A claws for concern at Chung Ying
Chung Ying Garden ***
17 Thorp Street, Birmingham, B5 4AT. Tel: 0121 666 6622
Locked-up lobsters marred an otherwise enjoyable Cantonese experience.
I used to marvel at restaurants boasting lobsters in tanks. But I was about 10 at the time. I remember, in particular, an Italian restaurant in the Kentish seaside town of Whitstable.
I loved the place for its bread sticks, which, back then, were very sophisticated and kept my sister and me happy while our parents indulged in vino-plenty from wicker-incased bottles.
Better still was the lobster tank, situated right by the entrance, so you couldn’t miss it. It was both terrifying and exhilarating to run the gauntlet of the tentacled beasts of the deep en route to the dining room.
I can still hear Mummy imploring: “Come on, Richard. Be a brave boy – and stop crying. They can’t hurt you. And Giovanni will give you an itsy-bitsy bread stick.”
Inside the tank there was dark, moody lighting, mini shipwrecks, crystals and submerged green floaty vegetation. The only thing missing was a frogman-style Action Man, plunging to the depths with a serrated knife in his mouth, ready to do battle with the bulgy-eyed monsters.
It’s probably just my lack of imagination but it strikes me now that lobsters in tanks, rather like fluffy dice in Ford Escorts, have had their day.
There’s one at the car-park entrance to Chung Ying Garden (a crustacea tank, not a Ford with fluff) in the heart of Birmingham’s Chinese Quarter.
The chaps trapped within it look as miserable as hell, which serves pretty much as the description for their surroundings. Claws taped together – to stop them partaking in cannibalism or putting up a fight with the chef – they lie motionless at the bottom of the water chamber.
There are no groovy lights, no inter-active sub-aqua toys, no whale music, no future. It’s unremittingly grim in there, in death’s watery waiting room.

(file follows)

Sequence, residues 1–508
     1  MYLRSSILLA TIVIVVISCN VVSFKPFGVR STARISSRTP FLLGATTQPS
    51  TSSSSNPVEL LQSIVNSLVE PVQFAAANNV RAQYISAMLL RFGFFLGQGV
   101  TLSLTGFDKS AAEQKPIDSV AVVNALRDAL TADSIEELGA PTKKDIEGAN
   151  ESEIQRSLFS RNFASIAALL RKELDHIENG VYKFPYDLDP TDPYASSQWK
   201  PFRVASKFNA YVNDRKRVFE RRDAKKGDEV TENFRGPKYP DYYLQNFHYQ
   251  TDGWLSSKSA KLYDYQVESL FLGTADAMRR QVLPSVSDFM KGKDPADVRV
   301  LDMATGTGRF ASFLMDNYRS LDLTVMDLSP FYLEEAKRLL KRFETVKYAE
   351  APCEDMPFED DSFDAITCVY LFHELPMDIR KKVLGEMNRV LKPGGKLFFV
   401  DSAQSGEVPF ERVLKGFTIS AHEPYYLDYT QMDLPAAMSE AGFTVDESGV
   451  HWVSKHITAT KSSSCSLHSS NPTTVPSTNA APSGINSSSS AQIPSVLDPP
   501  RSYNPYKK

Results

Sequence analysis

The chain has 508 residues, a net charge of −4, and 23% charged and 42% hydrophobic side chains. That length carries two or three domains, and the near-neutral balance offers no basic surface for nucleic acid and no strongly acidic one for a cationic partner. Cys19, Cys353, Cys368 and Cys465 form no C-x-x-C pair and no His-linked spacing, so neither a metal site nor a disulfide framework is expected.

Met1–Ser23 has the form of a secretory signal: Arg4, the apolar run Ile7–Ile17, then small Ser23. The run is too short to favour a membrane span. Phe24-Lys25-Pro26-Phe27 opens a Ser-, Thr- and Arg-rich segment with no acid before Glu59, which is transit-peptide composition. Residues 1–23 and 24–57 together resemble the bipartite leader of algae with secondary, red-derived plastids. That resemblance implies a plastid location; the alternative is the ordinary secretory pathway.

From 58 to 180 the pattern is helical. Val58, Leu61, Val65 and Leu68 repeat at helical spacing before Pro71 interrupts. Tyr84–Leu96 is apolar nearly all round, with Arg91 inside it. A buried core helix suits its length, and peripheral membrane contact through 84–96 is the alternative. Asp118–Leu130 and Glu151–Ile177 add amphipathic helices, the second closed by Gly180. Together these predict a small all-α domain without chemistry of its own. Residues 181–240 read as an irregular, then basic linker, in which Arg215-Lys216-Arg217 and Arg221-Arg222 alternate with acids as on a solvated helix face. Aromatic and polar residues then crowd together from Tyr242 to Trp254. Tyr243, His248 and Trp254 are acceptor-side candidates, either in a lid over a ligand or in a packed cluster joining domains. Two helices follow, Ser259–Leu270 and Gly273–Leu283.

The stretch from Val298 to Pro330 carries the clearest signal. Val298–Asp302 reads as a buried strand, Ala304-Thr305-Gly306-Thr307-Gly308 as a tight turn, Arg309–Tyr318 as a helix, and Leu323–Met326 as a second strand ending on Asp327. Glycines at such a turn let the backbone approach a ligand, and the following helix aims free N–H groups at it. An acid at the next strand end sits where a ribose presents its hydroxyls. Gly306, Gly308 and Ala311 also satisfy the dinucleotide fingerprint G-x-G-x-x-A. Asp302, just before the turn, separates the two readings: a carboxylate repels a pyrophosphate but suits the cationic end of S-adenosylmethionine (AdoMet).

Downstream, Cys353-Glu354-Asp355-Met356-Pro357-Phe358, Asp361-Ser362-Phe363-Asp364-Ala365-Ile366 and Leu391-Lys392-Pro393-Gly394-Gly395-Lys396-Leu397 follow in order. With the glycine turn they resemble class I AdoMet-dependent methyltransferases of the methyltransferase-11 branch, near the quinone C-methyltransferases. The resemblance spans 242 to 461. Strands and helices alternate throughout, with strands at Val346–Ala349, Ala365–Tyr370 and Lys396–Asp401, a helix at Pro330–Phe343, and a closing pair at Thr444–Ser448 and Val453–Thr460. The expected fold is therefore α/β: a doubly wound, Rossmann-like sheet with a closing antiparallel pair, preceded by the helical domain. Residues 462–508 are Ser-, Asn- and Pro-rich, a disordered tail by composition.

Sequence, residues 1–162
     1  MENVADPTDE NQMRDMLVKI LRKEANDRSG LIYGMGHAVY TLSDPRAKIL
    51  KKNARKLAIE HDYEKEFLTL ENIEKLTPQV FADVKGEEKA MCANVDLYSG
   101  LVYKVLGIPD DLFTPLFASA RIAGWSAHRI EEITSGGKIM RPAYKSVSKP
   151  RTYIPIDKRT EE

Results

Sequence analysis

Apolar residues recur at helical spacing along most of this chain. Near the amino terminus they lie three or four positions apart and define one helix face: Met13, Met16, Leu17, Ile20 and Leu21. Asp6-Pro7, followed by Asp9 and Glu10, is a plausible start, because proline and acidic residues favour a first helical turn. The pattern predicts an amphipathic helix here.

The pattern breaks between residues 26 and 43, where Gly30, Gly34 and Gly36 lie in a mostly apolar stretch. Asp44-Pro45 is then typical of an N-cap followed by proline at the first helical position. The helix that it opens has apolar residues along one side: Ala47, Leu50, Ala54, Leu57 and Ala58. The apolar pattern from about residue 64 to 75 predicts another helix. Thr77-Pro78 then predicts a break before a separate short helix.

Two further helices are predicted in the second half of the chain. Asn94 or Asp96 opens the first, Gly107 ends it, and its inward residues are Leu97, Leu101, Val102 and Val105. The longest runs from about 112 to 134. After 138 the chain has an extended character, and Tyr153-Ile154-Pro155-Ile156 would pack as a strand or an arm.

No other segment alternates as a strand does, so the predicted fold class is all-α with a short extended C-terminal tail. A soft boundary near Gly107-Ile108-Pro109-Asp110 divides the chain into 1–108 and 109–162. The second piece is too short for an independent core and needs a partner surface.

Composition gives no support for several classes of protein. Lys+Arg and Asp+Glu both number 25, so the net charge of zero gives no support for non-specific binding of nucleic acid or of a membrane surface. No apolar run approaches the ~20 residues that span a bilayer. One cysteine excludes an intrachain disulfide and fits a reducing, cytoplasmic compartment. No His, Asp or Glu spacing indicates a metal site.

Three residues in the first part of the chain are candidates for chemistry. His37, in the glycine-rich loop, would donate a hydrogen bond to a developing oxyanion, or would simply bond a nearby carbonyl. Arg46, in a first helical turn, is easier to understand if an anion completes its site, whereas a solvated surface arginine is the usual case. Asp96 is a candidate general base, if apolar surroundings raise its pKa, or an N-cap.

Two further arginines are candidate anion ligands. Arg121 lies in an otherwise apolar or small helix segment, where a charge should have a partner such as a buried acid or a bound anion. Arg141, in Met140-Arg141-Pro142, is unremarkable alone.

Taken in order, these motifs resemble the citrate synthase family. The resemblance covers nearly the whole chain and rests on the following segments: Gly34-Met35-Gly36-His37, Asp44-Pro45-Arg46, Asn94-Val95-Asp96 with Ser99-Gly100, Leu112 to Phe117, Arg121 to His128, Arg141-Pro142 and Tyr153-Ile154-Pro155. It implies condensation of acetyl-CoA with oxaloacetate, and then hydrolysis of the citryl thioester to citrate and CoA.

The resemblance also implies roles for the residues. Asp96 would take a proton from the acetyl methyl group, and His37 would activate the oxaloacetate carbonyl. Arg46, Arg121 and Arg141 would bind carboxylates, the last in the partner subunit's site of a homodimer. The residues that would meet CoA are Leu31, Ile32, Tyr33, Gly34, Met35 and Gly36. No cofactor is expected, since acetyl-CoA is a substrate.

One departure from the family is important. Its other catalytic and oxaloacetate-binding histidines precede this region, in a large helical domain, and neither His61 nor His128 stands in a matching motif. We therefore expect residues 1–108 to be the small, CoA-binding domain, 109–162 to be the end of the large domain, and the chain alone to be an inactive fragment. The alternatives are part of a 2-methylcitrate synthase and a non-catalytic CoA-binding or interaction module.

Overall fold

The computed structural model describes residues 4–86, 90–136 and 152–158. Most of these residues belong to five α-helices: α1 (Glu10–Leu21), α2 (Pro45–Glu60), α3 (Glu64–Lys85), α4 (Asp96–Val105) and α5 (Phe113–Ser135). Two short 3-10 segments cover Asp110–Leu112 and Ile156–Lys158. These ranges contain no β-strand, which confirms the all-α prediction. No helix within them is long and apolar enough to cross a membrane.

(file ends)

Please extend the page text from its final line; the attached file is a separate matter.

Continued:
Now I’m not the squeamish-type and appreciate that yummy sweet scoops of tarted up seafood, wokked up with ginger and garlic, once had a pulse.
Similarly, I have no doubt the restaurant will say the tank ensures their lobsters are always fresh.
But such joyless, listless marine life is, for me, the Jacques Cousteau world’s equivalent of the battery hen.
And in the new world order of dining provenance, what is the waiter suppose to say to a customer? That the lobsters come from a tank near a car-park off Thorp Street, a brisk front crawl from the Bullring?
You may think I am being over-sensitive, but the lobster tank somewhat marred lunch for me. And that’s a pity, because Chung Ying Garden is a decent enough place with some highly recommended, if at times inconsistent, Cantonese cooking.
Part of the problem may also be that I took Archie. The last time we “went Chinese” together we went hardcore, Gobi desert hardcore. I loved it, but he needed some hand-holding.
This time, Archie insisted, no intestines and “nothing with lips.” Which was a hammer-blow for me because Chung Ying Garden has a starter with fish lips. I puckered up, blew Archie a kiss, flirted madly, but he still wasn’t having it. No lips. No, sir.
So we went fairly “mainstream,” which was good but not great. There are about 100 dim sums – steamed, deep-fried and vegetarian. The former, for me, are the pick of the bunch and the Shanghai dumplings (with pork, ginger and coriander) are as satisfying as they are savoury.
The eating experience here is terrifically informal. On the day we visited the place was humming with Chinese families with babes in arms, business types and patently regular Westerners.
A good all round mix then, as is the epic menu, which has more than 400 dishes.
We opted for the courses to come as they became ready and worked our way through a fabulous spicy sizzling lamb – the pick of the bunch – and a garlicky chicken and prawn dish with sugar snap peas.
The most overtly Western dish – a sliced beef chow mein (yes, Archie’s choice, proving you can take the diner out of Nuneaton, but you can’t take Nuneaton out of the diner) – was the least successful.
If I’m honest, it was a bit of a stinker. The noodles had been fried with the finesse of an Alum Rock chippie. It was dried out and tired. I’m distressed that we ordered it.
Overall, the meal was satisfactory if unremarkable, although we may have been victims of our own downfall.
With a couple of Tiger beers each and optional service – which is unfussy and occasionally humorous – the bill was £53.20.
I’d love to go back to Chung Ying Garden – perhaps they’ll invite me – and go the whole hog, the full-on Chinese experience, lips and everything.
Because this place, lobster tanks aside, is extremely likeable and I somehow feel I may have done it a disservice.